John Walker's Electronic House

Rum Doings Episode 10 Spectacular

by on Dec.09, 2009, under Rum Doings, The Rest

Rum Doings returns a week early for a very special tenth episode special. Very, very special. You may have noticed one subject comes up again and again, and in this episode we line a hundred sharks up in a row and jump them in spectacular fashion. For nine minutes. And then things return to normal.

Once normality is returned the subject not talked about this week is The Now Show. Which brings us to discussions of home made orange liqueur, the etymology of freelance, thoughts on drunkenness, and Nick’s stolen nitrous oxide. John’s hyper-evolved teeth come under scrutiny, what makes a good town, and wondering if it’s a good idea to cure cancer. And this leads inevitably to thoughts of environmentalism and the entropic death of the universe. And finally, what scared us as children.

To get this episode directly, right click and save here. To subscribe to Rum Doings click here, or you can find it in iTunes here.

If you want to send us an email, it’s Or leave a comment below – we appreciate a little note to say hello, or how much you hate us.

And once again, the only thing we ask of your is promotion. Please blog, tweet, Facebook, IM, email, or whatever you wish, encouraging everyone you know to listen. Retweeting is massively helpful, and especially if you’re a world famous superstar. Join us in a couple of weeks for our Christmas Not As Special.


27 Comments for this entry

  • Duncan

    Wow, this is a lovely surprise. Thanks you lots and lots.

  • EthZee

    Okay! I concede! I will not listen to The Now Show intentionally again.

    And yes, bring back Charm Offensive etc. Great show, chaps!

  • Miles

    Speaking of things to be scared of in school, people seemed insistent on convincing me that an asteroid would demolish the earth around 2020, and this literally terrified me for years. Soon after I realised that people were stupid, and the news is bunch of scaremongering buffoons; This is probably what also turned me so monstrously cynical. Anyway, great show guys, hilarious introduction.

  • CMP

    Being an American listener, I took your advice and listened to the nooOOOW SHOW! Your spoof was sadly nearly spot on. That was awful.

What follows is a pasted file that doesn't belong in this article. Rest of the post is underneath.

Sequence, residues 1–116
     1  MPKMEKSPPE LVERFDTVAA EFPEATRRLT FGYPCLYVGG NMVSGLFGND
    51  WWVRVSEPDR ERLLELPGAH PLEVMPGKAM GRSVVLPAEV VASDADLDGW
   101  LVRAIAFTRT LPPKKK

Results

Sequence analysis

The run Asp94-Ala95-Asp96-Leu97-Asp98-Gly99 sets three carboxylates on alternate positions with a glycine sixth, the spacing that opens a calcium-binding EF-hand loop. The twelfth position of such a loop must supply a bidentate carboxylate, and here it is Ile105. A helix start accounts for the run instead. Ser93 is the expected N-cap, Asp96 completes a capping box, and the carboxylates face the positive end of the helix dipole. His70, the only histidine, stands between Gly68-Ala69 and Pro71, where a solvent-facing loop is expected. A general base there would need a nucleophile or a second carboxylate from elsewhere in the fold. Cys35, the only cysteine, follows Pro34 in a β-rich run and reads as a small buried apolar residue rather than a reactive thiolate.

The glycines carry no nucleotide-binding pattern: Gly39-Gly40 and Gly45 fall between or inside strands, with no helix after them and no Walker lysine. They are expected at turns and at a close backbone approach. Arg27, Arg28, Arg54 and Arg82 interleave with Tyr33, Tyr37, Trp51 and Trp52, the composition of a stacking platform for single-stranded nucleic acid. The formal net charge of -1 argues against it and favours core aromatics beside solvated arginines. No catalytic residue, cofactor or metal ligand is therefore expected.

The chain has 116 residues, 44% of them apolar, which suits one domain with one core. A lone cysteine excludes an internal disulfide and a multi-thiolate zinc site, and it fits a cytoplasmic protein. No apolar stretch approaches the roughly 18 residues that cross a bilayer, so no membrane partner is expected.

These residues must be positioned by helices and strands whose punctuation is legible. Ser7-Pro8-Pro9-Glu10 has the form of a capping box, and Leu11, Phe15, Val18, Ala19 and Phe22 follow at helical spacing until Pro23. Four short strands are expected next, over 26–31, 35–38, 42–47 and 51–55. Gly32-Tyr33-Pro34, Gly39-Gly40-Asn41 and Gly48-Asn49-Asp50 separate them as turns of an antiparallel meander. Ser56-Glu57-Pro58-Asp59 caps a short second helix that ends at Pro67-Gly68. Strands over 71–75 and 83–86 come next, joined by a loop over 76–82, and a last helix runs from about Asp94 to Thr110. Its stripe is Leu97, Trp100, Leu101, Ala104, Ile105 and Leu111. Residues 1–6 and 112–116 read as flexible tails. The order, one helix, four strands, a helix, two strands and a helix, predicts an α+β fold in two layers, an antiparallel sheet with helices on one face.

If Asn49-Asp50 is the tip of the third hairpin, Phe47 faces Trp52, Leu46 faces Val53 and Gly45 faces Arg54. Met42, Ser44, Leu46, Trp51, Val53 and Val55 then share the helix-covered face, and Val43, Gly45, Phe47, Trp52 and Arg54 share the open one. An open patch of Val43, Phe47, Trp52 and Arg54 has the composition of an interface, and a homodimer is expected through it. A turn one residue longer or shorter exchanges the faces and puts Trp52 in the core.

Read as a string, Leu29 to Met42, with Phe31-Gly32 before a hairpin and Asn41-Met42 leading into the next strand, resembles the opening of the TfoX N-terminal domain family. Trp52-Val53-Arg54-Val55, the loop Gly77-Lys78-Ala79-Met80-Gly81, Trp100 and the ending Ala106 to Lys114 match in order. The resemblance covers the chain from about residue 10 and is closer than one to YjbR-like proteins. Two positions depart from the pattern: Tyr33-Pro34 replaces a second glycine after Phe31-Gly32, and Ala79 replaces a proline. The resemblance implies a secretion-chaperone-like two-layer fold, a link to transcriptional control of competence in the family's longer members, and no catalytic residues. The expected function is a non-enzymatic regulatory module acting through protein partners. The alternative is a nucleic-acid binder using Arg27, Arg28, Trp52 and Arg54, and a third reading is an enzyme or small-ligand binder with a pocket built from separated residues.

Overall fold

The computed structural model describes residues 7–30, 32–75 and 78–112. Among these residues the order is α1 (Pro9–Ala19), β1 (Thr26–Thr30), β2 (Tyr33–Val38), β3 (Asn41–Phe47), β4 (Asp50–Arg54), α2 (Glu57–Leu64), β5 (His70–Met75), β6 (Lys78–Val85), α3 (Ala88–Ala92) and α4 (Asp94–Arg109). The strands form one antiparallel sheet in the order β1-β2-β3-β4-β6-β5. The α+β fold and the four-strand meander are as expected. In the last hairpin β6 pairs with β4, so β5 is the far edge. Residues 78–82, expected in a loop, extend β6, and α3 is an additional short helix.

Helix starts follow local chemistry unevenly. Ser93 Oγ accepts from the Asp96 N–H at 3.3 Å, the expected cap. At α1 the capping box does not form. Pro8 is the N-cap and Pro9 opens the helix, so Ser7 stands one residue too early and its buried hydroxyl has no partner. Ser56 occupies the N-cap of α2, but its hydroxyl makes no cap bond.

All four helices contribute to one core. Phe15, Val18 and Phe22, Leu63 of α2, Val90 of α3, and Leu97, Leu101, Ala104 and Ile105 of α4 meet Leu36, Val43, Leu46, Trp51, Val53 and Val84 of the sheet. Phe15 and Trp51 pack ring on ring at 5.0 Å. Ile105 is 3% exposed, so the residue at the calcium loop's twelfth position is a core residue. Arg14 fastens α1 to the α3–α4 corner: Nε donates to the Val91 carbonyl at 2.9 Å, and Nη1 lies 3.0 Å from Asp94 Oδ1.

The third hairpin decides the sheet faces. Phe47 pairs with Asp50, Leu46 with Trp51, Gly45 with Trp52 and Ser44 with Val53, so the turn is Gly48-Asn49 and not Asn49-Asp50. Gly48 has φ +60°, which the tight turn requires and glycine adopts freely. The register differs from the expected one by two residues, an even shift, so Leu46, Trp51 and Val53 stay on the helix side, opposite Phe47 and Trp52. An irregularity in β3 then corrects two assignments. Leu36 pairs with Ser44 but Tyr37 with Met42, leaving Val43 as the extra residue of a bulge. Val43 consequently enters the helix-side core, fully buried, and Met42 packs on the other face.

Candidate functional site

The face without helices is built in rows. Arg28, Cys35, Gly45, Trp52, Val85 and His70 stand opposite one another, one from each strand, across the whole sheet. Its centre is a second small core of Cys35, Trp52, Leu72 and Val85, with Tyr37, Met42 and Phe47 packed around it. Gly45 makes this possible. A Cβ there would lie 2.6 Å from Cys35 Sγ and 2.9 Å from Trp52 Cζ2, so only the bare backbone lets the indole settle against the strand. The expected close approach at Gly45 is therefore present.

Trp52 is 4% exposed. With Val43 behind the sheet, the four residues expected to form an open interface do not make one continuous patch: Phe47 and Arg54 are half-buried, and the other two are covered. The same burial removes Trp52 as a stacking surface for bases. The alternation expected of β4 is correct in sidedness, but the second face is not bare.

• EthZee

    Also, damn you both but I must again disagree! I’m living in Guildford at the moment and I like the cathedral, especially up-close.

    Although I do also quite like the Brutalist and Modernist styles of architecture, like for example the Royal Ontario Museum: (Get a look at those crystals!)

    …Hm. It might just be that I actually have no taste in anything, at all.


  • Zarniwoop

    Cambridge is nice. It has some rubbish bits, but it also has a lot of nice bits.

    Really though, what you need to do is go to Aldborough, maybe around late November/February when you still get the golden winter sunlight, put some Britten on your portable music player, and go for a walk.

  • Quercus

    So, you deliberately parody what you consider an inferior programme by writing even more inferior material to illustrate your point? Hmm. Luckily I could fast forward to the rest of the podcast.
    Get over yourselves and focus on something other than the Now Show please, which while not great radio comedy, is okay as a filler for things like The News Quiz and Charm Offensive.
    I remember listening the appalling Week Ending (or Weak Ending as it was also called) and the Now Show is far better by comparison.

  • John Walker

    Wow, in the previous episode’s comments you argue that ridiculing something using sarcasm is high satire, but when we do that we’re told off!

  • NM

    Quercus is a strict taskmaster, John. We need to “get over ourselves”. Hmmm.. how does one achieve this, and to what end?